John McGinn had a moment of redemption as he helped Scotland surge to the top of Nations League
That miss in June shouldn’t weigh so heavily on John McGinn anymore. Not after this.
Just as it looked as if Scotland might not only reap rewards, the midfielder’s moment of personal redemption helped cap a superb team performance – one completely transformed from the lackluster loss to Ukraine in the World Cup play-off semi-finals.
McGinn has admitted he was haunted by his failure to convert from close range in the second half as hopes of Qatar drifted away.
John McGinn had a moment of redemption as he helped Scotland to a 3-0 win over Ukraine
If that was a moment of utter agony, here was a moment of pure bliss. Fittingly, it happened at the same end of Hampden.
After Kieran Tierney’s challenge forced the ball in his direction, McGinn used the most effective backhand in international football to roll away from Valeriy Bondar. This time the finish was flawless.
Darted into the bottom corner of the net, it produced a breakthrough in the 70th minute after a series of thwarted opportunities. Stuart Armstrong had three alone in the middle of second-period one-way traffic.
The midfielder’s goal in the 70th minute helped Scotland to top the Nations League group
Steve Clarke faced plenty of criticism after the Ukrainians outclassed their hosts three months ago.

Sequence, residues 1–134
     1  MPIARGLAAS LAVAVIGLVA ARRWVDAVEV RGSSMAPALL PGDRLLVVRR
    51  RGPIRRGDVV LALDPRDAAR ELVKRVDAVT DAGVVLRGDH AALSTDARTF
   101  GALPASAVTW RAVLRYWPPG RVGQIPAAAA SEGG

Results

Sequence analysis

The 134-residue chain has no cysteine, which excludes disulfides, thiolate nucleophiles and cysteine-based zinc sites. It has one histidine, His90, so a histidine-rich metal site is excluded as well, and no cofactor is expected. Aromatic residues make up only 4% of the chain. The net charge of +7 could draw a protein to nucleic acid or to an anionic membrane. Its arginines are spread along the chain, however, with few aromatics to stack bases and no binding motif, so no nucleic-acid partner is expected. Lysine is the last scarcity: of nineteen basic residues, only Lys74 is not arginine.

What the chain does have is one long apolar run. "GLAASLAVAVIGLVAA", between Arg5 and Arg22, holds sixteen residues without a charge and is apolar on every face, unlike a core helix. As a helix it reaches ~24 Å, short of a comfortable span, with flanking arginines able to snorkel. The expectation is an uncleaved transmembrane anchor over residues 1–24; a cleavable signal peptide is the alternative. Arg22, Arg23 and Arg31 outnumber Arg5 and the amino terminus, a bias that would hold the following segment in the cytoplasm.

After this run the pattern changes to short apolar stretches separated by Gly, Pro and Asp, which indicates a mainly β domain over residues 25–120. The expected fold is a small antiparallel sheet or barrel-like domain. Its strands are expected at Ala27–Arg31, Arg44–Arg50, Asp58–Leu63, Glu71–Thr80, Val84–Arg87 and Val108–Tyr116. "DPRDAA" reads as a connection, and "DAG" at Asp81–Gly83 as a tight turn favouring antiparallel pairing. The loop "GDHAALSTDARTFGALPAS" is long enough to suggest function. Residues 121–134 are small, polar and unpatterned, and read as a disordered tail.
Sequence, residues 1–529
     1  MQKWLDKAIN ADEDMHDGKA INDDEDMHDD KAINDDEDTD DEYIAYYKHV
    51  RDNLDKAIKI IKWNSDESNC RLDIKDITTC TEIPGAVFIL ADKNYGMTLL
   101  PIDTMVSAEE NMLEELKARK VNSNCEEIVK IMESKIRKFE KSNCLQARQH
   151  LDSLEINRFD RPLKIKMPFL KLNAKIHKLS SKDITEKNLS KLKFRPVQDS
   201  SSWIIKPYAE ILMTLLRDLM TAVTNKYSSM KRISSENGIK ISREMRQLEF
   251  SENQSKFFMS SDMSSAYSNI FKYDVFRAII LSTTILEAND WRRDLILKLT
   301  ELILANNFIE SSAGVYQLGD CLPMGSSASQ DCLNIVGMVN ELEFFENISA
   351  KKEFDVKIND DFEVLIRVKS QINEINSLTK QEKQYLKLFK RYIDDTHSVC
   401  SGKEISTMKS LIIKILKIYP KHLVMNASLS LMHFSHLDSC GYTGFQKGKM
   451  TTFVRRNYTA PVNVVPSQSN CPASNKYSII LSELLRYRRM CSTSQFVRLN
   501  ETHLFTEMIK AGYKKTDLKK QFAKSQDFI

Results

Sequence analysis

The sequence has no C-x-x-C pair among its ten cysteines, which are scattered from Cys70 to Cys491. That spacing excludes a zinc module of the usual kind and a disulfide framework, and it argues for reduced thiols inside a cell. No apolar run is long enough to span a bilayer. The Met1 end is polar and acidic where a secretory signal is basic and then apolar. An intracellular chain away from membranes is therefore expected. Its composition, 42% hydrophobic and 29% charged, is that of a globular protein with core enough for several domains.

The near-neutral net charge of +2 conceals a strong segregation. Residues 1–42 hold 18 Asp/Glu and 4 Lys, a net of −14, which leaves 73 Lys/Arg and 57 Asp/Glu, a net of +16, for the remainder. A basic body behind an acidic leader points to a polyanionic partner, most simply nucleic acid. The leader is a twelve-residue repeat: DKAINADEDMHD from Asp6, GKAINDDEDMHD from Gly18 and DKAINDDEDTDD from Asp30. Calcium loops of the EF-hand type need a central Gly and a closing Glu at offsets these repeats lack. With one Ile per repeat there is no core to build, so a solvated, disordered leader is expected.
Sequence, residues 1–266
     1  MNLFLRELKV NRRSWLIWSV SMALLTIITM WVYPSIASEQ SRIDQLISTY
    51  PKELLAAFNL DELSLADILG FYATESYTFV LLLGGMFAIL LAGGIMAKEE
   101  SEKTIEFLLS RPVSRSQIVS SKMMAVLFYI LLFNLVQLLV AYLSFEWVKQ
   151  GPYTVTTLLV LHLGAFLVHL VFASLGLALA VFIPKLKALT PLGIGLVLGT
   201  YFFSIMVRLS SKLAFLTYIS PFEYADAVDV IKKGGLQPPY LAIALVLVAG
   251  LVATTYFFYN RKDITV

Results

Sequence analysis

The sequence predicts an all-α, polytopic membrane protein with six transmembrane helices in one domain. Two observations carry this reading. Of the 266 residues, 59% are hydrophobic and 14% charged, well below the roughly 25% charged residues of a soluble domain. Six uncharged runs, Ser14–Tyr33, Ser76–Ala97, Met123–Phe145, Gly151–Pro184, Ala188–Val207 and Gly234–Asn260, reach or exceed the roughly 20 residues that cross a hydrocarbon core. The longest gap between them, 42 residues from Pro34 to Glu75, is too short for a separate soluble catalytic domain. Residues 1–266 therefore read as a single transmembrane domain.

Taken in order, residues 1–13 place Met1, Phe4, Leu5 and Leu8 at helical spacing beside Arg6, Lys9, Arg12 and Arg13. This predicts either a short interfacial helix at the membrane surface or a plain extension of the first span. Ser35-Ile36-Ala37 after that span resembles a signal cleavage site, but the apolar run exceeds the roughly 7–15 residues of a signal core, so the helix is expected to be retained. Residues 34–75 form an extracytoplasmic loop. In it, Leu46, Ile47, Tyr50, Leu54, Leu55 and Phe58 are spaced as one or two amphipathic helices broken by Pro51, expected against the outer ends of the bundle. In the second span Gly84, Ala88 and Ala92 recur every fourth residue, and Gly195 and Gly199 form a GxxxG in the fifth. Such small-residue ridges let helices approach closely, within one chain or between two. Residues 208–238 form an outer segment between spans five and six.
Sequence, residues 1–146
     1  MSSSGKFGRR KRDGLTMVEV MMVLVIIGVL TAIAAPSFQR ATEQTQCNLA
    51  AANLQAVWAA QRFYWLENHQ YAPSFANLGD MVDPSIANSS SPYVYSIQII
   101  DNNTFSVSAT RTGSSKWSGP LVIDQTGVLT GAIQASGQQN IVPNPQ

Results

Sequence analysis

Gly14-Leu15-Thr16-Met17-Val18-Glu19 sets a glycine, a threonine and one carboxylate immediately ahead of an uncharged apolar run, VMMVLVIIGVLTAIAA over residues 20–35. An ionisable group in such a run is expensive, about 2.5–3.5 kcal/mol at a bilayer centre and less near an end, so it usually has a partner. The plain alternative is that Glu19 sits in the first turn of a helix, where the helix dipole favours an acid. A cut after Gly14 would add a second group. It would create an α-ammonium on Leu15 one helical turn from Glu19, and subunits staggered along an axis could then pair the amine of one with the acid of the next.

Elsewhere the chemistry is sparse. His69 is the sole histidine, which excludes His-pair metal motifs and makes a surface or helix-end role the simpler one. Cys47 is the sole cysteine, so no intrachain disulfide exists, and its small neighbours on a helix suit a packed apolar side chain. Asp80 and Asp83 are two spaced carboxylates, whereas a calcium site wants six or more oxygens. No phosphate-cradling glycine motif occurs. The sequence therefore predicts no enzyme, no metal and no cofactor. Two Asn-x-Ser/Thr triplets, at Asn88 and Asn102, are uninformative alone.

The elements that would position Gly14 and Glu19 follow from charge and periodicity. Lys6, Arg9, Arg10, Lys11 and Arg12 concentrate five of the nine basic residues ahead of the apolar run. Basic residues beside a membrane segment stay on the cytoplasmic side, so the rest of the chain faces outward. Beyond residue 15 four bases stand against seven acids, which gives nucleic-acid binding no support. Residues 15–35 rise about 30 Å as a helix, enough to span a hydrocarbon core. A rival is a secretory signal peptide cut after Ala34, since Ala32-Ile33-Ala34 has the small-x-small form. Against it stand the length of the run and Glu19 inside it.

The boss got everything right to send Scotland top of Nations League Group B1. It was one of the finest exhibitions of his tenure. A showcase of the talent in this team.
A change of system, away from a back three, allowed Scotland to flourish. And Clarke’s substitutions were perfect.
Ryan Fraser and Lyndon Dykes were introduced to end the game. They did it in style. Twice in the last ten minutes Fraser gave away corners for Dykes to head home.
For the Newcastle winger, this was quite a cameo on his return to the international fold. For Dykes, it was an emphatic way to end a run of just one goal in 24 appearances for club and country.
Lyndon Dykes came off the bench to score two late headers against Ukraine in the 3-0 win
Scotland have it in their hands now. A win over Ireland on Saturday night would only leave a draw against Ukraine in Poland next Tuesday.
Play like this again, and it is eminently possible to secure Nations League promotion and a back-up play-off opportunity for European Championship 2024. After all the horror in June, optimism breathes again.